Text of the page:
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How to handle loneliness and get what you need from relationships while living through a pandemic, with Cleveland Clinic psychologist Dr. Adam Borland

Dr. Borland shares helpful tips for navigating feelings of isolation on this week's episode of the 3 Things to Know with Stephanie Haney podcast

CLEVELAND — In this week’s 3 Things to Know with Stephanie Haney podcast, a Cleveland Clinic psychologist answers listener questions on how to handle loneliness related to the COVID-19 pandemic and get what we need out of all types of relationships when we can't be together in person.

Dr. Adam Borland, who specializes in adjustment difficulties, confirmed that pandemic loneliness and sadness is impacting all of us, even people who live with others, in our conversation published on Saturday, December 5 (scroll down for the podcast, and links to subscribe).

"Just because we have others in the home with us doesn’t mean that there aren't times when we may be feeling lonely," he said.

According to the Cleveland Clinic, being lonely affects both mental and physical health.  In some cases, these types of feelings can have long-term health consequences.  

Dr. Borland shared tips with me on how to care for ourselves and others, when it comes to our relationships with family, friends, romantic partners and even co-workers.

Plus, 3News reporter Lindsay Buckingham shares what you Need to Know in NEO about the unique opportunity to connect with others that she had a hand in bringing to Northeast Ohio.

And I fill you in on why ISSA certified personal trainer Sara Ann Davis is such A Good Follow on Instagram, based on expert advice that physical activity can be incredibly helpful for dealing with difficult emotions.

Throughout our conversation, I presented Dr. Borland with specific questions about handling those types of emotions from 3 Things to Know listeners, sent to me over Twitter and Instagram.

One listener asked how best to tell a family member or spouse when you're feeling ignored, to which Dr. Borland replied:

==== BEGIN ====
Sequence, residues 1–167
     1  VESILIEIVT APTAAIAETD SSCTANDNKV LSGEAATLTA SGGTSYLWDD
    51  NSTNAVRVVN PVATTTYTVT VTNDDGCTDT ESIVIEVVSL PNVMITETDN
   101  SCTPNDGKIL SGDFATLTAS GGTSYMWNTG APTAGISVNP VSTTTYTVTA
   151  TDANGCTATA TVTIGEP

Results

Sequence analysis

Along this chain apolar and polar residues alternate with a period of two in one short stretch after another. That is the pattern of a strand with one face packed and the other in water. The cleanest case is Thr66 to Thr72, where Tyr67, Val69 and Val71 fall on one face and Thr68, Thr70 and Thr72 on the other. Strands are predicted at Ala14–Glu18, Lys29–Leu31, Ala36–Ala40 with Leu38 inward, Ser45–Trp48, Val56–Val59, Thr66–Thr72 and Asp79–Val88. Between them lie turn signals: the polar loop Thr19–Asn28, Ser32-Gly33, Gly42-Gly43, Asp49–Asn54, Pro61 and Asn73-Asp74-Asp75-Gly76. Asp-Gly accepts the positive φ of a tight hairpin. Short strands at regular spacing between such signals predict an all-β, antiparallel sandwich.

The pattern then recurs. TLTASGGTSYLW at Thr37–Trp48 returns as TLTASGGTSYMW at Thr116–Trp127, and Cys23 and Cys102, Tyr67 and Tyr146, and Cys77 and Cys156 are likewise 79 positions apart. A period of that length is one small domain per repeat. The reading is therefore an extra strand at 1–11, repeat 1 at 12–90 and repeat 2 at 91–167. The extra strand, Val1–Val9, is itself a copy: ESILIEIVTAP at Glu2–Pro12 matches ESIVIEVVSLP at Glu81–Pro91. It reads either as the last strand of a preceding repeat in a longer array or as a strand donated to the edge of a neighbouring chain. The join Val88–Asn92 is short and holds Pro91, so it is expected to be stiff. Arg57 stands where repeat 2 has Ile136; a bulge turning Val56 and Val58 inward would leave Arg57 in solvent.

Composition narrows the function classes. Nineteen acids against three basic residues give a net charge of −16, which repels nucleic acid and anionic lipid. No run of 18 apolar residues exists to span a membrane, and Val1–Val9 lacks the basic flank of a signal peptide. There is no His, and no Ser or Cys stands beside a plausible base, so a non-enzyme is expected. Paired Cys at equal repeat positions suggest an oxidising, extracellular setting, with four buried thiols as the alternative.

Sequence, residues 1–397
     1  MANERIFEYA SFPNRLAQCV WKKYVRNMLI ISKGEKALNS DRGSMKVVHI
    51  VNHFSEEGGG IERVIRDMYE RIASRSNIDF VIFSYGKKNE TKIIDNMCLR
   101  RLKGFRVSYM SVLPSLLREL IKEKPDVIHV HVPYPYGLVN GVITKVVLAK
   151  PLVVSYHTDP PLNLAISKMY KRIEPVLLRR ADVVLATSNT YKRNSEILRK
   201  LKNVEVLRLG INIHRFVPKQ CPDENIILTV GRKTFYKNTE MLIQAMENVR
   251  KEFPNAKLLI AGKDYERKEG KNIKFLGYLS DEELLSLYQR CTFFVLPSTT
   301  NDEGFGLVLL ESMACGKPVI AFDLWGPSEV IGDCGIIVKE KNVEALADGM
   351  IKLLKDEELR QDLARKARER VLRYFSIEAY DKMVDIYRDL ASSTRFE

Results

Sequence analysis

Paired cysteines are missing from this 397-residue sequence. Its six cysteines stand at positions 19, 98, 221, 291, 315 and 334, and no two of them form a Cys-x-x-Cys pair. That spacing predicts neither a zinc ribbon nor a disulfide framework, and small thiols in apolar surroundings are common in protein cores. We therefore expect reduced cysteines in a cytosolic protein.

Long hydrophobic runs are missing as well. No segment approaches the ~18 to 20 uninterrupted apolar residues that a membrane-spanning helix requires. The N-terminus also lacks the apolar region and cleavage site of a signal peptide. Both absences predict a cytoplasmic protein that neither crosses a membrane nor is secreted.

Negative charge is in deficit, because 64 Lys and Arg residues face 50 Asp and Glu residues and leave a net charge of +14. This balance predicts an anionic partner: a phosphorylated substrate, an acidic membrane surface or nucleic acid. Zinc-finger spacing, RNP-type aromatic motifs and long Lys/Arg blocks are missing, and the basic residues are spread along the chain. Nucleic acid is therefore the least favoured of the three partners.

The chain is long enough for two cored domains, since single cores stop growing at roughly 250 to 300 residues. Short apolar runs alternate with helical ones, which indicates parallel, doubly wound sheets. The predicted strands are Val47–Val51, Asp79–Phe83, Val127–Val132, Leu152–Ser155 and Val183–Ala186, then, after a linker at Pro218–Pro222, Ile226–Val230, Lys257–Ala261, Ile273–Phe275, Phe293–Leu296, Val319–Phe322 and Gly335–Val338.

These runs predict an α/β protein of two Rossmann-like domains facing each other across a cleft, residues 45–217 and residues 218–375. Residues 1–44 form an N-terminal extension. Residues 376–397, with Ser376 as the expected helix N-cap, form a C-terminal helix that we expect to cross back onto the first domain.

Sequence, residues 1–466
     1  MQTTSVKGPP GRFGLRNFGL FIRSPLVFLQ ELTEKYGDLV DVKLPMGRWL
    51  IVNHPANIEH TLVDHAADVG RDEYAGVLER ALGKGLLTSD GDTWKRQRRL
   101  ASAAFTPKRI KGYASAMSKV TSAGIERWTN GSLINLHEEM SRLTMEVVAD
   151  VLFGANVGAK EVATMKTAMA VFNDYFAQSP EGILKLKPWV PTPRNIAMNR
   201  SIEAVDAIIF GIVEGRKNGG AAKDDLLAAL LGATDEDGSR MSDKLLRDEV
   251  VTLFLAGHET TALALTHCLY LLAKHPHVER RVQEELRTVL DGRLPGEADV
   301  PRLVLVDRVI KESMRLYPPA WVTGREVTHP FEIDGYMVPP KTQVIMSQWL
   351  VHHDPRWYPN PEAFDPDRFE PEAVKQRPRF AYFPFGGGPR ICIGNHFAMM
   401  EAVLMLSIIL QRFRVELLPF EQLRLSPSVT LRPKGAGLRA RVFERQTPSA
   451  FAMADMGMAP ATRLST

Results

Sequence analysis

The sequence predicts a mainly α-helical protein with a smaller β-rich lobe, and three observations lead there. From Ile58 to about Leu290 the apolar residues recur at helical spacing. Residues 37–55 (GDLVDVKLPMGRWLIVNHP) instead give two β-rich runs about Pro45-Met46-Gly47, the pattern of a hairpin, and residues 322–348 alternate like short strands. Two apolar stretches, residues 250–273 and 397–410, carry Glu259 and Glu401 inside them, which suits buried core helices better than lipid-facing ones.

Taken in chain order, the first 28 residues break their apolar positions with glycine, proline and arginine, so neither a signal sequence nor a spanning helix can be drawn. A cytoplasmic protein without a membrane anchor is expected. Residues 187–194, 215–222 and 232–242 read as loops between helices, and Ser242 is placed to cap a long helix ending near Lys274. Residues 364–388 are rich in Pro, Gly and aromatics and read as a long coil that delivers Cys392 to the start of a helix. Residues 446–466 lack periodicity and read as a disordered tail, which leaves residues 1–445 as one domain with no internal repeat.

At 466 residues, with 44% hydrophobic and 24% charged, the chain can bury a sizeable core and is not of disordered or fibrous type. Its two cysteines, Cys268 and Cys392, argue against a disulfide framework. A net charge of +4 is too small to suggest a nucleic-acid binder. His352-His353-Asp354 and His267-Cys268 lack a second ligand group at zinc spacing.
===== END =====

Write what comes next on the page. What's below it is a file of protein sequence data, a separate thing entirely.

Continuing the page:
"If this were a patient presenting this type of situation, I would recommend that they use what we call an 'I statement.' 'I'm feeling alone.' 'I'm feeling as though I'm not really being heard.' 'This is what I'm hoping we can do together moving forward.' So really taking ownership of those feelings and communicating them with your significant other, or with your family.'

Dr. Borland's advice kept circling back to the importance of clear communication, because people aren't mind readers. He emphasized that when we do our part to be as open as possible about our feelings, it can be beneficial to everyone involved.

For the full conversation, search for '3 Things to Know with Stephanie Haney' on your favorite podcast platform, or follow the links to subscribe to the show here:

Check out these resources for mental health support:

Mental Health America of Ohio (MHAO)

MHAO offers free counseling to people who qualify in parts of Ohio.  

Open Path Psychotherapy Collective

Open Path Psychotherapy Collective is a non-profit nationwide network of mental health professionals that provide in-office and online mental health care at reduced rates to individuals, couples, children, and families in need. 

Substance Abuse and Mental Health Services Administration (SAMHSA)

SAMHSA provides resources for many mental health issues, including but not limited to tips for isolation during the pandemic. 

National Suicide Prevention Lifeline 

If you or someone you know is having suicidal thoughts, you can reach out to the National Suicide Prevention Lifeline at 800-273-8255.

You can also reach the Lifeline by texting "4HOPE" to 741-741.

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